46.55.60N 06.59.95W Depeche-toi Etienne Thursday 18th June 2015

Sat 20 Jun 2015 17:40
The position is where we are now, nearly half way to La Corunna, but let’s go back briefly to Plymouth.
There were thirteen elements to our refit and some significant discoveries. The new standing rigging we had requested including removing the tensioner from the split back stay as it didn’t work. The plate at the end of the boom that takes the mainsheet had pulled out of the groove and on closer inspection revealed the cause as corrosion. A long split revealed that the end of boom fitting was all ready to spring off in the next blow, which could have been a problem. So Zoonie now sports a new boom. Another discovery was the bar around the front of the mast that supports the spinnaker pole when housed was set too far back on the mast making stowage difficult. It has the foresail flying on it now and was so much easier to set.
So with that all sorted and having said farewell to our Devon family we were all ready to set sail. A kind French couple came to assist with our lines and as the lady and I prepared the bow line and chatted away Rob was talking with her husband. We waited for them to finish, unbeknown to us the boys were waiting for us. At last my companion called “Depeche-toi Etienne” and the impasse was broken. We set off into the blue in a 10kn NW wind and our spirits were high.
But as might be expected by the late afternoon we were feeling the enormity of not seeing family and friends and dog for a year. The wisdom that comes with age consoled us that this was all part of the equation and we could deal with it.
We had a fine sail right across the Channel and only fired up the motor to push us through the inner passage off Ile d’Ouessant (island of birdsong) with the favourable ebbing spring tide the next morning.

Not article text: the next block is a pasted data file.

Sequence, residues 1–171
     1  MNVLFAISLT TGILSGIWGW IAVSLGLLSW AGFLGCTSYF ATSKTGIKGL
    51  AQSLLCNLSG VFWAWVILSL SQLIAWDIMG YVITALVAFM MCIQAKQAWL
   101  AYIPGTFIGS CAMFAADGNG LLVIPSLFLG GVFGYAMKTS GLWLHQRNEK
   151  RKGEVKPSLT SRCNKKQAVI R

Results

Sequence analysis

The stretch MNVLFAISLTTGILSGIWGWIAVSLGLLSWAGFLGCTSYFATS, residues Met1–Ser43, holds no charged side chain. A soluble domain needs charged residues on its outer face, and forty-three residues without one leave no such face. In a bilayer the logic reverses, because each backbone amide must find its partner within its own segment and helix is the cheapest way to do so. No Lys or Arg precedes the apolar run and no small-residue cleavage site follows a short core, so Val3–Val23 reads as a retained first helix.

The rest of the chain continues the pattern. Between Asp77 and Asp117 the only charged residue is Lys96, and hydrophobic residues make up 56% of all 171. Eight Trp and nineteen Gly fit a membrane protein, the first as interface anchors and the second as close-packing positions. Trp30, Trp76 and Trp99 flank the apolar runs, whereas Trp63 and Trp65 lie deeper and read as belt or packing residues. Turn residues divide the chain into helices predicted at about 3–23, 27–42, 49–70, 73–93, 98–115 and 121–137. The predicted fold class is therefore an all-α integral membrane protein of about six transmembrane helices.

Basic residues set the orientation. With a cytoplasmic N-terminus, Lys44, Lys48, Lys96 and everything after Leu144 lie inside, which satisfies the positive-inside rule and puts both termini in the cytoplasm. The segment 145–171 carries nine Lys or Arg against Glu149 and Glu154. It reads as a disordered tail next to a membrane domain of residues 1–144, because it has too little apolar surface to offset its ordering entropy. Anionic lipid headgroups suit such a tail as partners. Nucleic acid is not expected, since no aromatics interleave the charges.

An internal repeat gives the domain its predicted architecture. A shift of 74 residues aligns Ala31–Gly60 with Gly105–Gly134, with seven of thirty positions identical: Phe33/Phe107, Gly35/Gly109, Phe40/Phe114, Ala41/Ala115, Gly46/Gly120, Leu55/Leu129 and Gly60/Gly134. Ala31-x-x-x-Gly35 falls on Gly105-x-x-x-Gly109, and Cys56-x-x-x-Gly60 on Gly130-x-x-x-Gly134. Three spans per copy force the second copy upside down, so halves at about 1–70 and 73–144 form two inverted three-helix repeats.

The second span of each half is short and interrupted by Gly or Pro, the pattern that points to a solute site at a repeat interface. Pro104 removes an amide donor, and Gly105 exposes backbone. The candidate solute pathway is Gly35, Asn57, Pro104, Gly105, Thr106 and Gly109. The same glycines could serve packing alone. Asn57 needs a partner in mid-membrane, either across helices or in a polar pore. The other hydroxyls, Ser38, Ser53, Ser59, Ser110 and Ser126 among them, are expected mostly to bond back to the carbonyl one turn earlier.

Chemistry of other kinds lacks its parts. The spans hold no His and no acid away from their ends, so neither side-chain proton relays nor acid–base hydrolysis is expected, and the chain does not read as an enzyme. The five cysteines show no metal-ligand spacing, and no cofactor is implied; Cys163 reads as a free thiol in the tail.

Thirty odd years ago I came past here for the first time under sail with hubby number two, Peter, in our 12 ton wooden double ender (pointy at both ends) Hillyard, Autumn of Arun bound for Corunna. So young and excited was I, without thinking I said “Isn’t this just the biggest adventure of your life?” To which he replied rather sombrely,
“No you are!”
This time the winds were favourable to fly our blue cruising chute and we were making around 6 knots buck shee, nice. On this second day we were feeling much better. It takes 24hrs plus to get into the swing of on-board life again. The prospect of a few days at sea, night watches, lack of sleep, settling tummies, emotions etc all make the first day the hardest. By the second day the lack of sleep hits and sheer tiredness means we drop off to sleep without a problem. We also take day time naps as and when we please and I was in the middle of a lovely dream yesterday afternoon when a euro jet flew over a few metres above the mast, that was the end of that!
Later in the afternoon a racing pigeon joined us and rested on the side-deck next to its tubs of water and oats. We both wondered if it would survive the night. We watched the sunset together, I think it was soaking up the last warmth from the sun, or maybe it was pagan.
It is now day three and we are crossing , albeit slowly, the Biscay Abyssal Plain, where the flat seabed is a mix of sand and silt over 4000 mtres down. We have just sailed through a frenzy of dolphins fishing, some taking time out to investigate Zoonie’s hull.